Ted O'Donoghue appearing at Limerick District Court this Saturday, where he was granted bail Picture: Press 22
A MAN accused of injuring his neighbour with a legally held shotgun and killing his dog in County Limerick has been granted bail.
The long running dispute is over the use of a “right of way” to farm lands in Kildimo.
Ted O’Donoghue, 72, with an address at Kilmoreen, Kildimo, appeared at Limerick District Court this Saturday morning, charged with assaulting John Hayes, causing him harm under Section Three of the Non-Fatal Offences Against The Person Act.
At a special court sitting, Judge Marie Keane was told the defendant made no reply when he was cautioned.
Mr O’Donoghue was arrested in Barnakyle, Patrickswell at 1.10pm on Friday after the incident and charged on Friday night at Newcastle West garda station.
Opposing a bail application, Gardai said it would be alleged the serious offence was connected to a long standing dispute over land.
It is alleged Mr O’Donoghue, who was granted legal aid, discharged a single shotgun blast at the injured man, sparking a major investigation.
The court heard that Mr O’Donoghue allegedly fired a shot from a legally held single barrel shotgun, injuring Mr Hayes, 65, in the shoulder.
The court heard that the firearm allegedly used by Mr O’Donoghue was recovered by gardai in his van in Barnakyle, Patrickswell, on the day in question.
The long running dispute, which it was later estimated has gone on over seven or eight years, is to do with access to farmland at Ballycasey, Kildimo, the court heard.
Further more serious charges are anticipated, Garda Jason Mitchell told the court, detailing that Mr O'Donoghue was known to the injured party.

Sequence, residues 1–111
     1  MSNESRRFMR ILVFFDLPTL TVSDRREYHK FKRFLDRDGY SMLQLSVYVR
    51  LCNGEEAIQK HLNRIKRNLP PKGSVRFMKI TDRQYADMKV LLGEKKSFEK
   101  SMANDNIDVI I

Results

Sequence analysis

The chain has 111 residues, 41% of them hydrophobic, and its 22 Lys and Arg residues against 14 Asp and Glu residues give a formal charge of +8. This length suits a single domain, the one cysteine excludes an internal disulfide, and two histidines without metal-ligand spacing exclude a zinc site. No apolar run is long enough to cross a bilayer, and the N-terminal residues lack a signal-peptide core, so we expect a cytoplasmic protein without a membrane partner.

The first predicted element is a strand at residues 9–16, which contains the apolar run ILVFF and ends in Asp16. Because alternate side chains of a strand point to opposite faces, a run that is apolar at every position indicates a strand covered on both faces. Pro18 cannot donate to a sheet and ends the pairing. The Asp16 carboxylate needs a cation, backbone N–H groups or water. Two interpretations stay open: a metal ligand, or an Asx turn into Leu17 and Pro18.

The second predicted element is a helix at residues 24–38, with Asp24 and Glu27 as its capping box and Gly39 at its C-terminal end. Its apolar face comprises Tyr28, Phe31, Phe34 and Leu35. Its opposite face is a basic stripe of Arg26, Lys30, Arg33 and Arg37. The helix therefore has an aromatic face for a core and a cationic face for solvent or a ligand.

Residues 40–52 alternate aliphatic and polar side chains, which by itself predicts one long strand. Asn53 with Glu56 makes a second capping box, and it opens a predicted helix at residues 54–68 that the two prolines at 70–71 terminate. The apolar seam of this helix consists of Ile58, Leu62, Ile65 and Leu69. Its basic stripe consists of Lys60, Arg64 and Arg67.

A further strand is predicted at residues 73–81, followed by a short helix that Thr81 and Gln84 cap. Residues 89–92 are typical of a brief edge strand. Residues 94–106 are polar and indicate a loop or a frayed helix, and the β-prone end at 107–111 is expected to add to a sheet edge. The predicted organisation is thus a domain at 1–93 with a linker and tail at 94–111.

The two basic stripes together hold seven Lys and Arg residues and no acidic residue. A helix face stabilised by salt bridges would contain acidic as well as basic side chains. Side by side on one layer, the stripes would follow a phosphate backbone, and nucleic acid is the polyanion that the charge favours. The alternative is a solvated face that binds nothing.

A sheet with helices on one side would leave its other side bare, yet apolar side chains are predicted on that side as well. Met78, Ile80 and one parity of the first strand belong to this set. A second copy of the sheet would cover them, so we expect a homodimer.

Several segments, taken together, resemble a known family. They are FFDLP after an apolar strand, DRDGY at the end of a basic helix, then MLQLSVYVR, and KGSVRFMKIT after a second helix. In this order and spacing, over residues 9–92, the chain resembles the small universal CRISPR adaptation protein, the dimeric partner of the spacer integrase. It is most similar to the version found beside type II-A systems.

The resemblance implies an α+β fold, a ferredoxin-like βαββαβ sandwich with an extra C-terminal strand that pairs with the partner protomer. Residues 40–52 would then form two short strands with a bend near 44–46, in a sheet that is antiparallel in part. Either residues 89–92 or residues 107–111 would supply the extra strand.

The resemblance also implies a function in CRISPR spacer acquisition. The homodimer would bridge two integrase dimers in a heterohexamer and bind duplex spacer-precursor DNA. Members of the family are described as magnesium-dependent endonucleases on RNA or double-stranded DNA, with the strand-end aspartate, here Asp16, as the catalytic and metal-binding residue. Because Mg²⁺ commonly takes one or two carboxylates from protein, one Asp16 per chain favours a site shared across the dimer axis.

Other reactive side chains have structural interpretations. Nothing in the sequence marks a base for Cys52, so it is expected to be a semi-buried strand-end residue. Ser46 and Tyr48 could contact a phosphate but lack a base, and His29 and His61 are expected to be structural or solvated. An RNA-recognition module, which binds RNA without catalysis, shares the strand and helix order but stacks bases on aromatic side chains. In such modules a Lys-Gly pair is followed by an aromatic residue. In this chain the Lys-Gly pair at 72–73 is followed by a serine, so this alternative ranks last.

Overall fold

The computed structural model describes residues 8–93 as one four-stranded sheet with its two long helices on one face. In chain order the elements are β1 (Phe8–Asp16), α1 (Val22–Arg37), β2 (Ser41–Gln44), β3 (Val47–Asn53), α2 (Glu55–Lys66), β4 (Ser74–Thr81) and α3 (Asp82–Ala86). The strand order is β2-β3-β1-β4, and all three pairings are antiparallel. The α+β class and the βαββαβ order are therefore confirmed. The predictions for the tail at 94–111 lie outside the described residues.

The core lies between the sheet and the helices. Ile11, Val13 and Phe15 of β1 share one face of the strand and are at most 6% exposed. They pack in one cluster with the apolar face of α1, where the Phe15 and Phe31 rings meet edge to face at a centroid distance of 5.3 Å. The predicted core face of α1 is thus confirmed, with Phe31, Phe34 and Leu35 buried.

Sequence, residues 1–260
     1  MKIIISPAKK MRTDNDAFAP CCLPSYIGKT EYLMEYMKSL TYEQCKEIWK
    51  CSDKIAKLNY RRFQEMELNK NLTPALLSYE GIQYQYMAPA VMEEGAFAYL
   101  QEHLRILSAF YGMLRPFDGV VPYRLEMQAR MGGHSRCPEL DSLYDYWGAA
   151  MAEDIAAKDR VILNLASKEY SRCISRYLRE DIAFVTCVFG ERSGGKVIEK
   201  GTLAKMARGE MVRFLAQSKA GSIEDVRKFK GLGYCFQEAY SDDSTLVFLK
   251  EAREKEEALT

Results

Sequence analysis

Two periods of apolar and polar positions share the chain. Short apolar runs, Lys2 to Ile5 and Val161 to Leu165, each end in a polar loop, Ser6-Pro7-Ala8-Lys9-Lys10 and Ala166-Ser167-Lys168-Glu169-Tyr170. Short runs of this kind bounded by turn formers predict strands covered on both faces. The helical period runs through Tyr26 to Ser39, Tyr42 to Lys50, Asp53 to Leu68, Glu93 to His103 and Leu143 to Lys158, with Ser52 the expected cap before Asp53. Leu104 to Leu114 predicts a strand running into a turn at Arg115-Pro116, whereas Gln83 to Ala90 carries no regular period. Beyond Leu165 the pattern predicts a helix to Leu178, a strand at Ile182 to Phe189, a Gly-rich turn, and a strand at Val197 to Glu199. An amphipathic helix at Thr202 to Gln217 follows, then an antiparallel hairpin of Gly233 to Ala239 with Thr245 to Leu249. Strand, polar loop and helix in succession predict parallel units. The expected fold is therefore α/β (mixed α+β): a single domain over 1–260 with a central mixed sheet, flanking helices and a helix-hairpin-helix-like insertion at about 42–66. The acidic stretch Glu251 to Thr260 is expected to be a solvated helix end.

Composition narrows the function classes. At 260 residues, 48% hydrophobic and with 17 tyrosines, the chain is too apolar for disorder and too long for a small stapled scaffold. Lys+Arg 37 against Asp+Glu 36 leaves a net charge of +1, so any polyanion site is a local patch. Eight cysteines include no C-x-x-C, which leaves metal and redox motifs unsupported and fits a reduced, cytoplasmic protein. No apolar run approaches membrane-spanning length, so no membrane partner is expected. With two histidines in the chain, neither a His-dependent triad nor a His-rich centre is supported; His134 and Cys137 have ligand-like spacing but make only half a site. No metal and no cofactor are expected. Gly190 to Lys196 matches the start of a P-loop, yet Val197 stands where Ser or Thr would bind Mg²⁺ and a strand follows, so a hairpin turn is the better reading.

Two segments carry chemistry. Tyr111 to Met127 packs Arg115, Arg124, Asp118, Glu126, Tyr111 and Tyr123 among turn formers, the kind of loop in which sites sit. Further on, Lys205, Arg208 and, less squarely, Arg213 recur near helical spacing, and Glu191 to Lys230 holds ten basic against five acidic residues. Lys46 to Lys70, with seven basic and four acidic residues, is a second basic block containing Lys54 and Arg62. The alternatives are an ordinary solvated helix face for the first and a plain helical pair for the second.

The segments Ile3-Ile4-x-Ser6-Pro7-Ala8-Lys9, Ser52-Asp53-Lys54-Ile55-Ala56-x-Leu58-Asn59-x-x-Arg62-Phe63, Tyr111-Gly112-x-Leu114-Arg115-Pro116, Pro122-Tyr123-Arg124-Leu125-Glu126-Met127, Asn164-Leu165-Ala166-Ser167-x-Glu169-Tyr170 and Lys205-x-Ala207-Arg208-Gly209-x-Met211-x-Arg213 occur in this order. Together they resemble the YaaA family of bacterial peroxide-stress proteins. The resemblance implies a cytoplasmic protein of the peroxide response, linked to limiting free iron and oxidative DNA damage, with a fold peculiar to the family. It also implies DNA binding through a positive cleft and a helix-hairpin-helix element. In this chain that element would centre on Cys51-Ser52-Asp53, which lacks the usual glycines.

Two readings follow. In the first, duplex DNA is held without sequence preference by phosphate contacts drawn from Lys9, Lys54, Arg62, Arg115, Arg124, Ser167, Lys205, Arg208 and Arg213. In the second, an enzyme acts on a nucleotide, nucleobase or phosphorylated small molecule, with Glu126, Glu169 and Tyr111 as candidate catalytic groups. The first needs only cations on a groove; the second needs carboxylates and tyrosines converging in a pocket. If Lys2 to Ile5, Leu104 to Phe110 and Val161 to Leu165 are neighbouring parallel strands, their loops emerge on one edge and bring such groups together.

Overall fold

The injured party stated the accused fired a shot at him, injuring him and killing his dog, Garda Mitchell told the court.
Gardai expressed a fear that witnesses in the case could be interfered with and that the accused did not seem to comprehend the seriousness of his actions.
“While it is an unfortunate scenario, land rights have well been played out in rural Ireland in the courts and will continue to do so,” Inspector Alan Cullen, Newcastle West, told the court.
“This matter should never have troubled the district court, it should be in civil court,” he added.
Mr O’Donoghue’s brother William offered to provide surety for the accused and told the court that the dispute had been going on for “seven or eight years”.
“It would flare up,” he said. “It happens inside the farm,” he added.
The court heard that Mr O’Donoghue – who will turn 73 later this month and lives alone – had seen his health deteriorate in recent years.
Judge Keane said it was a “very serious matter” and the court heard that there was a “history of dispute between neighbours” that had become “seriously entrenched”.
However, given Mr O’Donoghue’s willingness to provide surety for his brother, manage his farm and monitor his activities, she said she was prepared to grant bail under strict conditions that if breached at any time, would see the accused immediately arrested.
Mr O’Donoghue, who lives a mile from the accused, said he would ensure his brother met all the conditions of bail, including chaperoning him to Mass.
Bail was granted under Mr O’Donoghue’s own bond of €250, an independent cash surety of €5,000 and conditions that he was not to go to the farm at Ballycasey for any reason, that his brother Mr William O’Donoghue would assume full responsibility for the day to day management and husbandry of the accused’s farm and that he sign on daily at Newcastle West garda station.
Mr O’Donoghue was, the judge said, to have “absolutely no contact whatsoever” with witnesses and adjoining land owners and stay away from public places where the community of Kildimo congregate, “such as Mass”.
She said: “Mr O’Donoghue, if you see your neighbours, you block them out, don’t even look at them.”
She said the accused must obey a curfew of 10pm-8am.
Mr O’Donoghue was remanded in custody with consent to bail to appear at Limerick District Court on Tuesday, June 20.